The characteristic step coverage behavior which a given LPCVD process exhibits depends on the nature of the controlling gas phase and/or surface chemical reactions. Physically-based ballistic transport and reaction film profile evolution simulation has provided a structure wherein the origins of step coverage limitations can be understood in the context of the interaction of transport and the controlling chemistry. Based on comparisons of the simulations to literature and in-house experimental data, we have categorized LPCVD mechanisms into one of three types. In heterogeneous deposition, conformal step coverage can usually be found under at least some process conditions. Step coverage typically degrades with increasing deposition temperature. In homogeneous precursor-mediated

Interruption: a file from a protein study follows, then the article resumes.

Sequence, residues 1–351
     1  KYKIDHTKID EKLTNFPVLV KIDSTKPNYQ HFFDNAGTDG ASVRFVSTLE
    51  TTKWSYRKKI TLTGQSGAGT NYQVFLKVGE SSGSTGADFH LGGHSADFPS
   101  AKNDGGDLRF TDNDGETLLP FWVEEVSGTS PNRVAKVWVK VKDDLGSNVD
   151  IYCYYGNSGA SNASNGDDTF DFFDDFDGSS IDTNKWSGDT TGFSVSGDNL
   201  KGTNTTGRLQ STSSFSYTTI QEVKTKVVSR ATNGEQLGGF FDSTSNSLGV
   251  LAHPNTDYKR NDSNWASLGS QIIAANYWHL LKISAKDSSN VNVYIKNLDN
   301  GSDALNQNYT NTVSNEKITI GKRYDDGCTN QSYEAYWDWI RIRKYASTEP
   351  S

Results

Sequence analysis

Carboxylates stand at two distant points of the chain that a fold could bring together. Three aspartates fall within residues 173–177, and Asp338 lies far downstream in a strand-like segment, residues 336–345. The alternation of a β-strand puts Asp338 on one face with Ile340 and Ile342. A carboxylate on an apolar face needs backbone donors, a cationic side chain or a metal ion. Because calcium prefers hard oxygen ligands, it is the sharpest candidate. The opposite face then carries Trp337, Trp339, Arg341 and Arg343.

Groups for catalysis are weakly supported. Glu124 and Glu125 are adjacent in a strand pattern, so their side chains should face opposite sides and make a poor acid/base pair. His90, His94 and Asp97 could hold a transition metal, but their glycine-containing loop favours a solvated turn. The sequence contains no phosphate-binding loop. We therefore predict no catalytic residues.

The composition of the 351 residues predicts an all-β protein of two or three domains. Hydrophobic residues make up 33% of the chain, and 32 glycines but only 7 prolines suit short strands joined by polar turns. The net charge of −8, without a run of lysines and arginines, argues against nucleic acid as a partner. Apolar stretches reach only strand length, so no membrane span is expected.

deposition, a reactive intermediate is formed in the gas-phase above the wafer surface, resulting in poor to moderate step coverage. Step coverage may or may not degrade with increasing temperature. In byproduct-inhibited deposition, a gas-phase byproduct generated via a surface reaction readsorbs on the growing film surface and slows the deposition rate, yielding a poor to moderate, relatively temperature-insensitive step coverage. Poor step coverage is manifested in a marked film thickness discontinuity at the feature mouth, with a relatively uniform film down the feature sidewalls.